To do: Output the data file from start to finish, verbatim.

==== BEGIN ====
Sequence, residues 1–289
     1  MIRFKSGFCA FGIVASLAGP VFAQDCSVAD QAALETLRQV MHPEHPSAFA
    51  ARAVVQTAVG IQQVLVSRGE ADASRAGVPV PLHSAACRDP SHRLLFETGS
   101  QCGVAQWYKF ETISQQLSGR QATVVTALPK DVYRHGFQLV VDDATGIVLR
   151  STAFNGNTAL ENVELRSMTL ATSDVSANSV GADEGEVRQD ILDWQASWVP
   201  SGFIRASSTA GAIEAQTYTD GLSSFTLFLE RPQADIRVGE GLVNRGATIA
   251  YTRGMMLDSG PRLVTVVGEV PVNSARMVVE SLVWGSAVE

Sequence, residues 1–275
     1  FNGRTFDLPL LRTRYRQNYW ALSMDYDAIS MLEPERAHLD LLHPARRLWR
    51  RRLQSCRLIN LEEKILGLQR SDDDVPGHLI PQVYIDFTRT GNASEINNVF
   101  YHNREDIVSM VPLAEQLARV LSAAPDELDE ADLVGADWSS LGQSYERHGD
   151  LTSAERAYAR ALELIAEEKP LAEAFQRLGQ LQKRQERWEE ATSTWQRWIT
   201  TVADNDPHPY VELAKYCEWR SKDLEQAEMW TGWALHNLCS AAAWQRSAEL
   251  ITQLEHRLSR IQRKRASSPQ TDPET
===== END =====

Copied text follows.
Sequence, residues 1–289
     1  MIRFKSGFCA FGIVASLAGP VFAQDCSVAD QAALETLRQV MHPEHPSAFA
    51  ARAVVQTAVG IQQVLVSRGE ADASRAGVPV PLHSAACRDP SHRLLFETGS
   101  QCGVAQWYKF ETISQQLSGR QATVVTALPK DVYRHGFQLV VDDATGIVLR
   151  STAFNGNTAL ENVELRSMTL ATSDVSANSV GADEGEVRQD ILDWQASWVP
   201  SGFIRASSTA GAIEAQTYTD GLSSFTLFLE RPQADIRVGE GLVNRGATIA
   251  YTRGMMLDSG PRLVTVVGEV PVNSARMVVE SLVWGSAVE

Sequence, residues 1–275
     1  FNGRTFDLPL LRTRYRQNYW ALSMDYDAIS MLEPERAHLD LLHPARRLWR
    51  RRLQSCRLIN LEEKILGLQR SDDDVPGHLI PQVYIDFTRT GNASEINNVF
   101  YHNREDIVSM VPLAEQLARV LSAAPDELDE ADLVGADWSS LGQSYERHGD
   151  LTSAERAYAR ALELIAEEKP LAEAFQRLGQ LQKRQERWEE ATSTWQRWIT
   201  TVADNDPHPY VELAKYCEWR SKDLEQAEMW TGWALHNLCS AAAWQRSAEL
   251  ITQLEHRLSR IQRKRASSPQ TDPET